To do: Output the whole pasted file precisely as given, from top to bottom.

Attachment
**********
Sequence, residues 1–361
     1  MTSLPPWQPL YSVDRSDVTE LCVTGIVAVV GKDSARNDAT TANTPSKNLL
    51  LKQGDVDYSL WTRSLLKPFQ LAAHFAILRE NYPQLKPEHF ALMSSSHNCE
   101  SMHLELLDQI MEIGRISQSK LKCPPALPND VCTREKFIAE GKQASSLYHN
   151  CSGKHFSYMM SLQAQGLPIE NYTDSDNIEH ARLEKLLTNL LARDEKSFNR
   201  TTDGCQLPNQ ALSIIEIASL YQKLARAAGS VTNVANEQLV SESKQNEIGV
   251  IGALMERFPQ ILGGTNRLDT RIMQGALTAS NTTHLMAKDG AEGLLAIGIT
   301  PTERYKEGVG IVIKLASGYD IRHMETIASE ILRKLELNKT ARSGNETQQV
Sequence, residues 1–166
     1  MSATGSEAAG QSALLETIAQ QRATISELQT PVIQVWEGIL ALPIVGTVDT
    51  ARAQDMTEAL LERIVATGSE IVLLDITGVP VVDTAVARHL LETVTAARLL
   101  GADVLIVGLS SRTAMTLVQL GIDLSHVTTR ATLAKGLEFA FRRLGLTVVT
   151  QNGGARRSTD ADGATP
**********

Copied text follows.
Sequence, residues 1–361
     1  MTSLPPWQPL YSVDRSDVTE LCVTGIVAVV GKDSARNDAT TANTPSKNLL
    51  LKQGDVDYSL WTRSLLKPFQ LAAHFAILRE NYPQLKPEHF ALMSSSHNCE
   101  SMHLELLDQI MEIGRISQSK LKCPPALPND VCTREKFIAE GKQASSLYHN
   151  CSGKHFSYMM SLQAQGLPIE NYTDSDNIEH ARLEKLLTNL LARDEKSFNR
   201  TTDGCQLPNQ ALSIIEIASL YQKLARAAGS VTNVANEQLV SESKQNEIGV
   251  IGALMERFPQ ILGGTNRLDT RIMQGALTAS NTTHLMAKDG AEGLLAIGIT
   301  PTERYKEGVG IVIKLASGYD IRHMETIASE ILRKLELNKT ARSGNETQQV
Sequence, residues 1–166
     1  MSATGSEAAG QSALLETIAQ QRATISELQT PVIQVWEGIL ALPIVGTVDT
    51  ARAQDMTEAL LERIVATGSE IVLLDITGVP VVDTAVARHL LETVTAARLL
   101  GADVLIVGLS SRTAMTLVQL GIDLSHVTTR ATLAKGLEFA FRRLGLTVVT
   151  QNGGARRSTD ADGATP